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Money Smart Press Releases

FDIC Releases Russian Language Version of its Award-Winning Money Smart Financial Education Program
Money Smart is now offered in six languages

Media Contact:
Motty Bradshaw (202) 898-8680
Linda Ortega (415) 808-8115

The Federal Deposit Insurance Corporation (FDIC) today announced the release of its award-winning Money Smart financial education curriculum in Russian, making it the sixth language in which the curriculum is offered. Money Smart is also available in English, Spanish, Chinese, Korean and Vietnamese.

"The FDIC's Money Smart program teaches money-management skills that empower people to take advantage of the opportunities to save and invest offered by our financial system," said Martin J. Gruenberg, Acting FDIC Chairman. "The new Russian-language version of Money Smart will make the program more easily accessible to an important additional segment of our society."

Money Smart was first released in English in 2001, followed by a Spanish-language version in 2002, Chinese and Korean versions in 2003, and a Vietnamese version in 2004.

The 2003 U.S. Census estimates that the foreign-born population is 11.7 percent, with sizable immigrant populations from Latin and Central America, Asia, Eastern Europe and Africa. Two of the largest Russian-speaking populations in the United States are in the Sacramento Basin and Los Angeles.

The Russian version of Money Smart is the first translation by a group outside of the FDIC. The translation is the work of the Sacramento Roundtable, a successful public-private sector collaboration of banks, community-based organizations and government agencies in the Sacramento area, which is facilitated by the San Francisco regional community affairs programs of the FDIC and the Office of Thrift Supervision.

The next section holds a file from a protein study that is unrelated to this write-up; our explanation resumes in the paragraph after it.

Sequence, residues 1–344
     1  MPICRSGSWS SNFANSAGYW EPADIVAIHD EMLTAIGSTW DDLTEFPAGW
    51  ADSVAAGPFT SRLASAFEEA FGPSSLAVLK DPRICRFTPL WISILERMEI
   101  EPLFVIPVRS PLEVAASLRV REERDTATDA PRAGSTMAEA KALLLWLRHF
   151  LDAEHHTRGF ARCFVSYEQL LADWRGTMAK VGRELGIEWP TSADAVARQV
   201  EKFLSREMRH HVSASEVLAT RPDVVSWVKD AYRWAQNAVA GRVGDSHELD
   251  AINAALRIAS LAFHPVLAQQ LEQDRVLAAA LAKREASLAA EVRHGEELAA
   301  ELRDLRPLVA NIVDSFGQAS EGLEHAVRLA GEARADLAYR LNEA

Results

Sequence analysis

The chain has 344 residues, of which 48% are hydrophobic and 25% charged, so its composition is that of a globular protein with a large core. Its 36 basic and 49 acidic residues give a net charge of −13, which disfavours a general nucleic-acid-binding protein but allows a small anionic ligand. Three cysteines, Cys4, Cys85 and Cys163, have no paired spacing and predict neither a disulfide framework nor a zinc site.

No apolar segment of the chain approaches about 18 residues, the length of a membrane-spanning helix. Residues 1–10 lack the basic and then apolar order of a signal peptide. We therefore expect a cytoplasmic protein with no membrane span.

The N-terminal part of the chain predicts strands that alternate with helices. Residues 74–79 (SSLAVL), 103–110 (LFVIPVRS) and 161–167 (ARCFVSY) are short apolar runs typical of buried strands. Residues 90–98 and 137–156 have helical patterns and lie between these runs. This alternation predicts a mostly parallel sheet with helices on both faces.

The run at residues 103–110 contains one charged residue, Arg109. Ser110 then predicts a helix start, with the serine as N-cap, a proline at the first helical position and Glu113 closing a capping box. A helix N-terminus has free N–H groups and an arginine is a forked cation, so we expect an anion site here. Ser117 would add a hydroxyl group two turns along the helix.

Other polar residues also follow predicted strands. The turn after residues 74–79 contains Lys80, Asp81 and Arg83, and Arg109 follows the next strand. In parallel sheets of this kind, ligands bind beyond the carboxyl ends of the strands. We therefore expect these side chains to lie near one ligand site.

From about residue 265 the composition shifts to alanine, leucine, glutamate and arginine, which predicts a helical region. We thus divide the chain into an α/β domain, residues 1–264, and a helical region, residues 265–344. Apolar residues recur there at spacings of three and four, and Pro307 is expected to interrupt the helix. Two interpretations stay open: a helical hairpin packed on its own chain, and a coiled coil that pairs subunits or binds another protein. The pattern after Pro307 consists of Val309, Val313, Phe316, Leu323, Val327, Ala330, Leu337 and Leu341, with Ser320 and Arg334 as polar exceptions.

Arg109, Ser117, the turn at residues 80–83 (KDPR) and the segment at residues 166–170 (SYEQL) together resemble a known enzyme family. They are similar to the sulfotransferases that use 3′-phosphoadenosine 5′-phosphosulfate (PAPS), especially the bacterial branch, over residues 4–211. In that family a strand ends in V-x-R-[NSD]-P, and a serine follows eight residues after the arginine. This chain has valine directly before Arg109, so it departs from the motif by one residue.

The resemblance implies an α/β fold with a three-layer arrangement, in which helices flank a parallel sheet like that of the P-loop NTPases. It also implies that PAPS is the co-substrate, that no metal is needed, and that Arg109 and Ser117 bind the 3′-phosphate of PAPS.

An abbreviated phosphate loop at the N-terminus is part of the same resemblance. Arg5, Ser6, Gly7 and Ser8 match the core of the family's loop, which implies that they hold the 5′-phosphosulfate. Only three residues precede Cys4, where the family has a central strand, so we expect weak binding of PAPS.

Key partners in the Sacramento Roundtable that worked on the Russian translation of Money Smart include River City Bank, Sacramento; USBank, Walnut Creek; IndyMac Bank, Los Angeles; the Home Loan Counseling Center, Sacramento; the Sacramento Mutual Housing Association and Opening Doors, Inc.; and the Sacramento Employment and Training Agency.

Money Smart is available free of charge to help consumers understand basic financial services, develop money-management skills and learn how to use banking services effectively. The FDIC works with national and local organizations to promote Money Smart to their constituents. To learn more about the FDIC's Money Smart program and to obtain copies of the curriculum, visit the Money Smart page on the FDIC's Web site at

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Congress created the Federal Deposit Insurance Corporation in 1933 to restore public confidence in the nation's banking system. The FDIC insures deposits at the nation's 8,833 banks and savings associations and it promotes the safety and soundness of these institutions by identifying, monitoring and addressing risks to which they are exposed. The FDIC receives no federal tax dollars – insured financial institutions fund its operations.

FDIC press releases and other information are available on the Internet at, by subscription electronically (go to and may also be obtained through the FDIC's Public Information Center (877-275-3342 or 703-562-2200). MS-1-2006

Last Updated 04/27/2006

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